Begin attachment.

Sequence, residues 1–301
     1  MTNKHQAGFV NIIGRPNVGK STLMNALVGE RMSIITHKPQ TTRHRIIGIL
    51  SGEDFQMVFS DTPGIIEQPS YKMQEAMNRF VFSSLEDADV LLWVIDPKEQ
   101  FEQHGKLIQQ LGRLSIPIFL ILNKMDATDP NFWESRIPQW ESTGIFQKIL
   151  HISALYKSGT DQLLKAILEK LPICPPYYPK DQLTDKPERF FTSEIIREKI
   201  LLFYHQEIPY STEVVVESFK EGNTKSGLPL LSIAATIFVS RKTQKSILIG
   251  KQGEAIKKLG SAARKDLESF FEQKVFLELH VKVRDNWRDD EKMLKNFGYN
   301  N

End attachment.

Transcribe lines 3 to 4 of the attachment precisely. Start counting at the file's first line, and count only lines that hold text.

    51  SGEDFQMVFS DTPGIIEQPS YKMQEAMNRF VFSSLEDADV LLWVIDPKEQ
   101  FEQHGKLIQQ LGRLSIPIFL ILNKMDATDP NFWESRIPQW ESTGIFQKIL